The second issue relates to the fact that the enterprise typically doesn’t own its own digital data. It’s all stored in third-party cookies with the many vendors out there, and my clients had no way to consolidate that data across silos and take action across emerging touch points to define digital interactions with their customers.
Pelin: Help us to understand the evolution of the tag management technology over the last few years. Clearly there’s very rapid adoption. Some research shows that 50 percent or more of the companies using tag management today began to do so just in the last year.
Josh: To be honest it has surprised me how fast the market has embraced the wisdom of using the tag management system. So I think it’s a combination of a very high pent-up energy in the market and frustration experienced by marketers who need to control their own destiny and manage these technologies to maximize value. At Ensighten we found that once some of the largest brands − Sony, Microsoft and American Express, for example − began to work with us, it became a tipping point for the rest of the market. The analysts also started covering tag management; Joe Stanhope from Forrester was really the first to come in and put the flag on the space when he did a vendor landscape at the end of 2010. But it is really stunning to me to see how fast the space has evolved in the course of just two or three years. The market is not by any means fully penetrated. But the pace of adoption has accelerated so much, it’s kind of mind boggling. And I think one of the biggest benefits of tag management is that it’s an accelerant to all the other technologies in the marketing analytics space.
Pelin: What does Ensighten do? What’s your unique value proposition?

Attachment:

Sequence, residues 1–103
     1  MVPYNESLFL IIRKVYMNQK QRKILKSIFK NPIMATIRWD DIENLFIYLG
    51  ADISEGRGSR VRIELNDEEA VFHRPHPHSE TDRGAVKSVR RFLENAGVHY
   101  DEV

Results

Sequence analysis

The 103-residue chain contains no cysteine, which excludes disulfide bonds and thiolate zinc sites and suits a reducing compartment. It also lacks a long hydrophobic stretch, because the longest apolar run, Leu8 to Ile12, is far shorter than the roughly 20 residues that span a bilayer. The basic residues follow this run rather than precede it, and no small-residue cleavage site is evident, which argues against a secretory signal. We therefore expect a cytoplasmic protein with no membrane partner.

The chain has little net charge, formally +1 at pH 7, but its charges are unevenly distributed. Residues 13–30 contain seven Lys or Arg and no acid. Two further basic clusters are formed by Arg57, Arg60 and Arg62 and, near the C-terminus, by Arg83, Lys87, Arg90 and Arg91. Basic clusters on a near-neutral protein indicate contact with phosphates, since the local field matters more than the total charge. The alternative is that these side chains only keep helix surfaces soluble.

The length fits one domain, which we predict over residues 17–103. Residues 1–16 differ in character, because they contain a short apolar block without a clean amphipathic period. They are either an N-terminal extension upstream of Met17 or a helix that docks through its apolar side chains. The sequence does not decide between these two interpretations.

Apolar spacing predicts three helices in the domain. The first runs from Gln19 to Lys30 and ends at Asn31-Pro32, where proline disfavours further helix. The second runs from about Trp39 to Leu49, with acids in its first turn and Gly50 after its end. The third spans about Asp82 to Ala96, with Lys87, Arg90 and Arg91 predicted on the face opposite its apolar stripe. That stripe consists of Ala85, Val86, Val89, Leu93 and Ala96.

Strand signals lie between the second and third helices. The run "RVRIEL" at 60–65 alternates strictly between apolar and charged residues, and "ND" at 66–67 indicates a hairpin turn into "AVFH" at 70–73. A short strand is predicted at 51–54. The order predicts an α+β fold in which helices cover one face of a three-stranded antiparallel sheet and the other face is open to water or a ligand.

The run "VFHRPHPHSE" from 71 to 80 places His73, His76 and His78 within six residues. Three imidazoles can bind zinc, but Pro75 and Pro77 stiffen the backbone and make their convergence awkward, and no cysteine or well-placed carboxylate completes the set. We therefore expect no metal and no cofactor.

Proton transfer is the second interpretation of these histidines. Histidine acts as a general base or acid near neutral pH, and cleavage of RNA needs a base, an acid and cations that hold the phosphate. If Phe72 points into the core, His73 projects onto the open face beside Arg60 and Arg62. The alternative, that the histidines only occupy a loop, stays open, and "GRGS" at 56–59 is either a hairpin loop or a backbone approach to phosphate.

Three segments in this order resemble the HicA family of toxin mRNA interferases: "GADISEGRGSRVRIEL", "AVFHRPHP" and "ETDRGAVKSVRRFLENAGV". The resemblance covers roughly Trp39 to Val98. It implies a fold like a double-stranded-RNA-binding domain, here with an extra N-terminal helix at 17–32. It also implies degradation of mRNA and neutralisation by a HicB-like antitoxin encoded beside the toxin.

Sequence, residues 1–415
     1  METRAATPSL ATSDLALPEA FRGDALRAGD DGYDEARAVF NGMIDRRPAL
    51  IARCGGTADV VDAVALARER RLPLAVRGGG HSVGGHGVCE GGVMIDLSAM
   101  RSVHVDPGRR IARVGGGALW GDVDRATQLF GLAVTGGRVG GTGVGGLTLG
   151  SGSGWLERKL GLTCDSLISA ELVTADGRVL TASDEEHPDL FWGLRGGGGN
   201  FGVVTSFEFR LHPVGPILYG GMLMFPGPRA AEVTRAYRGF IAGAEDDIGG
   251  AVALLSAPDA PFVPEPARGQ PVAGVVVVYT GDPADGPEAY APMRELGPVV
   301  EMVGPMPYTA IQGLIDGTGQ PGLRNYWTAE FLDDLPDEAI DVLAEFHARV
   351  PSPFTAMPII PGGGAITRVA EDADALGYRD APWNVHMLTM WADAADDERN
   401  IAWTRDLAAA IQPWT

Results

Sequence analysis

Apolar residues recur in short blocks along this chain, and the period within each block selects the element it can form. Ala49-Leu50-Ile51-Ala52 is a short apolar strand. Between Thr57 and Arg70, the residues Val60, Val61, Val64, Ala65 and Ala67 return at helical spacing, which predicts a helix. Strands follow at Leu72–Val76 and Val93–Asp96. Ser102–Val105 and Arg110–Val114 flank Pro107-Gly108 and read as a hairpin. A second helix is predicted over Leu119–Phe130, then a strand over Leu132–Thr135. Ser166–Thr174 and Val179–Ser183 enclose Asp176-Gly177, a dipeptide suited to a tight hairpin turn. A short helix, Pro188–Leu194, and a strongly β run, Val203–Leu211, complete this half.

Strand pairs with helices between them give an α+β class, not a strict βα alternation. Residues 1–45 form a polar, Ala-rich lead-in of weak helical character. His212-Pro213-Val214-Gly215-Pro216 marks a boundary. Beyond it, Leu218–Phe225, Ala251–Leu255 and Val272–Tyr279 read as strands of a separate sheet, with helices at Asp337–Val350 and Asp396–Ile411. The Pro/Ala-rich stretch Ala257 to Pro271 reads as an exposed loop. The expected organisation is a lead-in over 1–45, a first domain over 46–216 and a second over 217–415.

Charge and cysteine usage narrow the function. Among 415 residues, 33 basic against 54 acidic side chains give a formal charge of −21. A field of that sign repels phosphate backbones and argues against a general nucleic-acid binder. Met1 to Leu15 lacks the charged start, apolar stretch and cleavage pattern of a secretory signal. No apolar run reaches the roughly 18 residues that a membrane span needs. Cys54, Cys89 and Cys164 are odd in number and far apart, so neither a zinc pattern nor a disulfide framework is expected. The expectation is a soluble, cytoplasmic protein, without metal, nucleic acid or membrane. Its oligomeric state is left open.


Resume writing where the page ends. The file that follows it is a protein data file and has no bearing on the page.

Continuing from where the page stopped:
Josh: Our vision at Ensighten is to help enterprises fundamentally change the way they collect, own and act on all of their digital data in any digital touch point in real time. When you think about this vision, the first question people typically ask me is what in the world does that have to do with tag management? Here’s what I tell them. We need to solve tag management issues because you can’t act on all of these digital channels if you don’t have a direct means in an automated enclosed loop fashion to take data, receive inputs from various third parties and other vendors, and then help spread and activate that data across all of the digital touch points.
Pelin: You mentioned at your last user conference that you intentionally left the word “tag” out of the Ensighten name. What is that message intended to convey?
Josh: Ensighten has never been solely about tags. We are about optimizing the digital relationship with the customer. We are the biggest company by revenue in enterprise tag management, the de facto leader and well known in the space. But we also serve our clients in a broader context of optimizing the entire relationship with the customer.
Pelin: Thanks, Josh, for these insights and a window into the remarkable journey you’re taking to help companies use analytics to create one-on-one relationships with customers. Look for Part II of this blog with more from Josh next week.